Above: On the ground floor we have one convenience store (Spar) and one restaurant (Milano). That's it. They are the only commercial units provided for the entire block.
Above: The north-east side of the block consists of a few 4-storey apartments. No commercial units here.
Above: The west side has several 3-storey town houses, not dissimilar to these units also in the Docklands. No commercial units here.
Above: The south-facing block shows the dead frontage of the restaurant (Milano) and convienicence store (Spar). You can also see the small town houses to the west of the block.
So, that's just one block in the Docklands. The rest of the Docklands, both north and south, suffer the same low density and over-priced commercial units.
Considering the prime location of this area in the south Docklands, it strikes me as absolute madness that we have a mishmash 3 to 6 storey buildings here.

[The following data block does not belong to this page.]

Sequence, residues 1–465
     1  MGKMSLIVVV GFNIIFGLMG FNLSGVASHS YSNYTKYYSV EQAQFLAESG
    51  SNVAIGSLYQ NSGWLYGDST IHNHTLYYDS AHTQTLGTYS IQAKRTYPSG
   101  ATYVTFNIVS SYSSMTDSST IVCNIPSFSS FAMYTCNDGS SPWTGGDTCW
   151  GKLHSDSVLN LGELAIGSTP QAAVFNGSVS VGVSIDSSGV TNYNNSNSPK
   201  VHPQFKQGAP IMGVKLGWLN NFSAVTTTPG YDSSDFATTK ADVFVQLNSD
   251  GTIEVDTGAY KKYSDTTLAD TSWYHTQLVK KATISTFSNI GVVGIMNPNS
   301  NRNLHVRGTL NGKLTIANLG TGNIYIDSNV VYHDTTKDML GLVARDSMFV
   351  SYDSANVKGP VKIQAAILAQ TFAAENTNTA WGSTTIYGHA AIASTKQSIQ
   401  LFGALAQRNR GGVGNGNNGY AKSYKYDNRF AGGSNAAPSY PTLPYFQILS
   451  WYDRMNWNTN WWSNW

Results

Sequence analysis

This area is served well by public transport with the Grand Canal DART station and the Luas across the river - not to mention the abundance of bus services.
Had we built consistent 8-storey blocks throughout the Docklands and divided the ground floors into smaller commercial units, we may now have something sustainable for future generations.
I am genuinely worried for the future of Dublin if the people in government continue with this ridiculous mindset of "low density = good" for urban planning. It is simply not sustainable.
These are just the thoughts that go through my head every time I walk through the Docklands.
What a wasted opportunity.
Would like to hear your thoughts on the matter.